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Hong Kong’s unauthorized protests end with riot police storming subway stations with batons and pepper spray

‘It is U who taught me that peaceful marches are useless.’ Photo: May James/HKFP.

This post is a round-up of a series of posts – Violence erupts across Hong Kong as police fire ‘warning shots’ on September 1 and HKFP Lens: Hong Kong police crackdown with water cannon, tear gas as protesters hurl Molotov cocktails at gov’t HQ and Hong Kong police water cannon truck fires blue-coloured water as protesters besiege gov’t HQ – published on Hong Kong Free Press between 31 August and 1 September 2019. It is republished on Global Voices under a content partnership agreement.

Violent clashes erupted across Hong Kong after tens of thousands defied police bans and joined the “unauthorized” weekend rally on 31 August 2019.

The rally was initiated by the Civil Human Rights Front to reiterate the demands of the anti-extradition campaign and to denounce Beijing’s intervention in Hong Kong’s political reform. The date is significant as 31 August marks the fifth anniversary of a decision made by the Standing Committee of National People’s Congress which sought to impose a screening mechanism for the future election for Hong Kong’s chief executive.

‘Prayer walk for sinners’

Although the CHRF was forced to cancel the official planned march after police refused to issue a permit, thousands of people defied the police ban and joined a “prayer walk for sinners” at Southorn Playground in Wan Chai.

Christopher Yeung, a Catholic who was leading the march, told HKFP that the march was not a protest but a religious gathering. Under the Public Order Ordinance, religious activity does not require police endorsement as long as there are less than 30 participants.

But thousands appeared at the Southorn Playground and walked towards the police headquarters in the early afternoon, then moved on towards Admiralty and Central. More people joined in resulting in the halting of traffic on major roads from Causeway Bay to Central. Police officers raised yellow flags at various spots warning crowds that they were breaching the law and could be prosecuted. But people kept on walking in the streets.

Escalated violence: batons and pepper spray in a subway carriage

Water cannon with dyed water to identify protesters. Photo: May James/HKFP.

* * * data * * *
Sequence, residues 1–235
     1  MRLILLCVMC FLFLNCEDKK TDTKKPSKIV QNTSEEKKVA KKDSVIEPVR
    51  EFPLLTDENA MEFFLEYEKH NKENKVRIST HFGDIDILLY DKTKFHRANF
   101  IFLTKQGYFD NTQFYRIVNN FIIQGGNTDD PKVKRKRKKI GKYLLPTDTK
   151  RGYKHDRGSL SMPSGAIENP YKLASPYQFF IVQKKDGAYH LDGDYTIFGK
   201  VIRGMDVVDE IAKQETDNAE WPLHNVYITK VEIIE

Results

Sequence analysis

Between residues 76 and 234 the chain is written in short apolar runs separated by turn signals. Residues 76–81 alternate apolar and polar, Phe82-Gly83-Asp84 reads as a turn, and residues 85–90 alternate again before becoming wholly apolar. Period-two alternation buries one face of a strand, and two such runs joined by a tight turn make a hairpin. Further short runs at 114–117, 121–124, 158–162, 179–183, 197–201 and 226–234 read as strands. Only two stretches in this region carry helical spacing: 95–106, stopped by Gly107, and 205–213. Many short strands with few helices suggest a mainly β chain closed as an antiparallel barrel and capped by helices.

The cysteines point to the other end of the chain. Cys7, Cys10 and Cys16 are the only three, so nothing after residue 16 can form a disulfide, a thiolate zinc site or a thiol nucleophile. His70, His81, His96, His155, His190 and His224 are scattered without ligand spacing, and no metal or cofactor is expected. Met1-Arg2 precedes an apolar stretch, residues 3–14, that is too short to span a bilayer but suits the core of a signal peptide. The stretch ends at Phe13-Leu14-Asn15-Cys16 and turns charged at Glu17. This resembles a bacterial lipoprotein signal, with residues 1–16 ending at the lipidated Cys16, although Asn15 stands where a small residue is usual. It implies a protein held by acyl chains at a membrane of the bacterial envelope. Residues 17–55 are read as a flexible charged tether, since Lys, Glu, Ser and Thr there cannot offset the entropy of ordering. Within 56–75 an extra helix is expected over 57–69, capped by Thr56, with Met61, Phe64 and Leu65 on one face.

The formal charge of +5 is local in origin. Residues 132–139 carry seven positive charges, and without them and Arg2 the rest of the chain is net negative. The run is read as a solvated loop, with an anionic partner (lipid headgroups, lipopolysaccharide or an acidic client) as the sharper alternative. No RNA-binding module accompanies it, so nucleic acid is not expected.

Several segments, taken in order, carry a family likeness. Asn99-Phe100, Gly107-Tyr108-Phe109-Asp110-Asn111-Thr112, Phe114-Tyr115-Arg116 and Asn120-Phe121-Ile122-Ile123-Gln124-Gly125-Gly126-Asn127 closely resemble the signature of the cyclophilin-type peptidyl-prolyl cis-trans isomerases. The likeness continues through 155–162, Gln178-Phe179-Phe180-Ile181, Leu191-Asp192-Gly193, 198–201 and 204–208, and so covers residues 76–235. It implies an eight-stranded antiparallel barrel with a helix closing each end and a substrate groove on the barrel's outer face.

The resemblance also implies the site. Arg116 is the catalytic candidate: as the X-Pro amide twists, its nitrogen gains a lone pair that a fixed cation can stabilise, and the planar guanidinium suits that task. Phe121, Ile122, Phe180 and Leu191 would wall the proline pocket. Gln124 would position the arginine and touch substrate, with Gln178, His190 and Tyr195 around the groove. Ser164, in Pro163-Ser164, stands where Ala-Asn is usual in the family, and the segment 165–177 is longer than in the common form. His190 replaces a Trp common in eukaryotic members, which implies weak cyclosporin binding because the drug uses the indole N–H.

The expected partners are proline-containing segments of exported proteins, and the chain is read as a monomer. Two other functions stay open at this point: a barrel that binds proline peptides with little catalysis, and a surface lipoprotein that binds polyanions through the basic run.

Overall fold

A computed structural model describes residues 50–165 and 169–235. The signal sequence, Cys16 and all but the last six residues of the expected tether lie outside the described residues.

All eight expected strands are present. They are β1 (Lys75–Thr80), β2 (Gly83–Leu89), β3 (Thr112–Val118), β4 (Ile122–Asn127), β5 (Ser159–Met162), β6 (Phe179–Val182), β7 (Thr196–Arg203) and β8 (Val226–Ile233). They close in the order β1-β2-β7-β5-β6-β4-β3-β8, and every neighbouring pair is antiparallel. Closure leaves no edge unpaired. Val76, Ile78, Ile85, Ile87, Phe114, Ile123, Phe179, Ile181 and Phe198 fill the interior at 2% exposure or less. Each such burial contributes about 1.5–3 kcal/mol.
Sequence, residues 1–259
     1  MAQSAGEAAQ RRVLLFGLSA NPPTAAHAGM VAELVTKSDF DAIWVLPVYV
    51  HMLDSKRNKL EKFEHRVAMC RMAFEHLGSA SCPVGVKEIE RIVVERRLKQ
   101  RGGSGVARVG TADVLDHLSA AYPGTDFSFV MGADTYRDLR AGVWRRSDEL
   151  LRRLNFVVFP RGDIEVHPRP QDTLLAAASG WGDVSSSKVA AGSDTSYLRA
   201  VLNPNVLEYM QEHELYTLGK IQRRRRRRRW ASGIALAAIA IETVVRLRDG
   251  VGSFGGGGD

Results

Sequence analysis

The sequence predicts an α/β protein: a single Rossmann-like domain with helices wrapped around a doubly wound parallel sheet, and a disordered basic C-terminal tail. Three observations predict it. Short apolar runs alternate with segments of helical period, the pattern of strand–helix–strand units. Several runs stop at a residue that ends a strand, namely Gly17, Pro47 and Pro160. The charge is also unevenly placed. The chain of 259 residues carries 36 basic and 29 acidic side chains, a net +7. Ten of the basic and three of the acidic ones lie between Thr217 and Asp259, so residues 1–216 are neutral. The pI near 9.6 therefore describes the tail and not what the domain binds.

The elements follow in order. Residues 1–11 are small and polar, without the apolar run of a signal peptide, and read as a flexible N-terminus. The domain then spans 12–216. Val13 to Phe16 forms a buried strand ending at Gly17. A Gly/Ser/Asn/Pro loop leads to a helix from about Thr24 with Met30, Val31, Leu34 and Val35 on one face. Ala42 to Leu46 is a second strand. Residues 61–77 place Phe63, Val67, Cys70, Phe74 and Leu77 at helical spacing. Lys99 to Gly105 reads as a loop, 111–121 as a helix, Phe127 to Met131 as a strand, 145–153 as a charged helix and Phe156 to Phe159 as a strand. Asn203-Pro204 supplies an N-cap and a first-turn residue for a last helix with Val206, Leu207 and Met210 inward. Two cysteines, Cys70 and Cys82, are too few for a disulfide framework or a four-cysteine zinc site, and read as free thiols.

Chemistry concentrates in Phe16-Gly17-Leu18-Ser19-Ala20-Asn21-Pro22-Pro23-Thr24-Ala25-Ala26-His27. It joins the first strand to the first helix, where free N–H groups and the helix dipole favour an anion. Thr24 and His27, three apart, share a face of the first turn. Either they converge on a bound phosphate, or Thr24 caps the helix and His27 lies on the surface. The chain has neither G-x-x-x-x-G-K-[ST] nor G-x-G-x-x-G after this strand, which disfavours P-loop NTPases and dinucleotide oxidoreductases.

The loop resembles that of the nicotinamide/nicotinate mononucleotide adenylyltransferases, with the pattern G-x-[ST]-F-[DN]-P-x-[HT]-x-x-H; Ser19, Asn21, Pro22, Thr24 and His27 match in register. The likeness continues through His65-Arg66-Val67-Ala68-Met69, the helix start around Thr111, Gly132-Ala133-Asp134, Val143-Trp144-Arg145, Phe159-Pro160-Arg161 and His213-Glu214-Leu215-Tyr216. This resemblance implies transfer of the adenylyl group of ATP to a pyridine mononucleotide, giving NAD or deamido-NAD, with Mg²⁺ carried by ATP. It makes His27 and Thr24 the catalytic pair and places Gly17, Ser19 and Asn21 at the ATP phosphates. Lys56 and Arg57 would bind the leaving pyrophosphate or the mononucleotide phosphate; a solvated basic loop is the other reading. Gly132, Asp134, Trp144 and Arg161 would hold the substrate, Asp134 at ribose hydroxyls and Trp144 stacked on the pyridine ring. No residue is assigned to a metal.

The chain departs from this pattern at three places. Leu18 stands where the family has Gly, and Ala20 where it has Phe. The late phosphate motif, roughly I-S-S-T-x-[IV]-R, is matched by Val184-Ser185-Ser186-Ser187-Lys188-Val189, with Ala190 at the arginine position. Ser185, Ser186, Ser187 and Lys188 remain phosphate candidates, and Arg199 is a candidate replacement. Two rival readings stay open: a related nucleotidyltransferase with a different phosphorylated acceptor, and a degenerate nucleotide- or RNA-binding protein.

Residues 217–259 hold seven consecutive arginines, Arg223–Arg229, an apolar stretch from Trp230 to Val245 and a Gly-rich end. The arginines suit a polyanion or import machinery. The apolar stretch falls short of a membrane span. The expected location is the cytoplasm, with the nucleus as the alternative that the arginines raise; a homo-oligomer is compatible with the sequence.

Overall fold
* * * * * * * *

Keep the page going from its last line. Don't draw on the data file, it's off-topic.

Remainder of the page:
Majority of the protesters left around 5:30 pm and violent clashes broke out as more radical protesters attempted to besiege the Legislative Council. Riot police fired tear gas and launched water cannons while protesters hurled objects at police lines, including Molotov cocktails.

Saturday’s outpouring comes a day after mass arrests of prominent activists and political figures for offences related to inciting, organising or attending an unauthorised assembly. Those rounded up included pro-democracy lawmakers Cheng Chung-tai, Au Nok-hin and Jeremy Tam, as well as activists Joshua Wong, Agnes Chow and founder of banned pro-independence Hong Kong National Party Andy Chan.

As night fell, riot police advanced along Hennessy Road. Near police headquarters, protesters built a huge fire, which was eventually put out by the fire brigade.

Huge fire set near police headquarters. Photo: May James/HKFP.

At around 9:30 pm police started arresting protesters. Undercover police officers fired two warning shots as they were outnumbered by the protesters when they attempted to conduct arrests in Causeway Bay.

As protesters dispersed, violence spilled over around Kowloon’s Yau Tsim Mong district as police deployed tear gas in Prince Edward. Clashes also broke out in Kwun Tong and Lam Tin.

Upon receiving reports from the MTR on a clash inside a train carriage as about 3-4 passengers stopped the protesters from entering the carriage with metal rod and hammer while the protesters fought back with umbrellas and a fire extinguisher. Riot police officers then charged onto the platforms of Mong Kok and Prince Edward MTR station to conduct arrests.

TV news footage showed riot police beating people with their batons inside train carriages at Prince Edward station and deploying pepper spray, with many passengers seen to be cowering and bleeding.

In a statement, the government claimed that protesters were vandalising stations and attacking members of the public, and officers had entered MTR stations to “stop all violent acts and arrest offenders.”

However, video footages shows that riot police were beating up people who were not acting violently. Vice-Chairman of the Democratic Party Lo Kin Hei described the police violence on the subway train as an authorized version of mob attack on 21 of July in Yuen Long:

The hospital authority reported that 41 were hospitalized and 5 suffered from serious injuries during the weekend clashes.

To read more about the anti-extradition protests in Hong Kong, visit Global Voices’ special coverage page.

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